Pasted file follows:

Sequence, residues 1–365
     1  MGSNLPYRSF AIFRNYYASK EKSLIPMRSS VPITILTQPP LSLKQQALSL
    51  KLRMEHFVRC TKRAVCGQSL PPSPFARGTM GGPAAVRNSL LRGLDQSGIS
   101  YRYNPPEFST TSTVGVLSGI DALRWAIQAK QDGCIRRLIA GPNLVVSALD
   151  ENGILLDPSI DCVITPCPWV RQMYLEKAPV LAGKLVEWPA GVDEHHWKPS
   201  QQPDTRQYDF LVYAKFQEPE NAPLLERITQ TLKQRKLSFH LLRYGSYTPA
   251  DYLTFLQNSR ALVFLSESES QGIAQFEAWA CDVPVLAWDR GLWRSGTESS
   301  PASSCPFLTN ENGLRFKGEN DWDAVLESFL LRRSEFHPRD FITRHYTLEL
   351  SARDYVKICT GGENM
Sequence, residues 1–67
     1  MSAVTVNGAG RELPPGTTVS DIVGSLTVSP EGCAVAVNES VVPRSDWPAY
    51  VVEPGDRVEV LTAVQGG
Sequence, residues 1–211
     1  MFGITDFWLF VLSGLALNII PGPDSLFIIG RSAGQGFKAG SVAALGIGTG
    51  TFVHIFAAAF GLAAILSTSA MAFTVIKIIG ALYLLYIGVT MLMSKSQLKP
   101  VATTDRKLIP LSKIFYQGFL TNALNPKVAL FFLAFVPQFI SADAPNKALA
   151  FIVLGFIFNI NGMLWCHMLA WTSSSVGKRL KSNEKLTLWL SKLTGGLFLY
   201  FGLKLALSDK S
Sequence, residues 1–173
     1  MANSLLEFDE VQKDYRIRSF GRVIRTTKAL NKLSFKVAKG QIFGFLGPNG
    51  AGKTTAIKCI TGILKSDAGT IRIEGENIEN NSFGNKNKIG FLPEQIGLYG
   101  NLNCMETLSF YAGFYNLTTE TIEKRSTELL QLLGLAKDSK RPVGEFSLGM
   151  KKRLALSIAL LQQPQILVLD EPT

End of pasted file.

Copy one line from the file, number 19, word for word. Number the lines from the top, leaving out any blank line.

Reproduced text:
Sequence, residues 1–173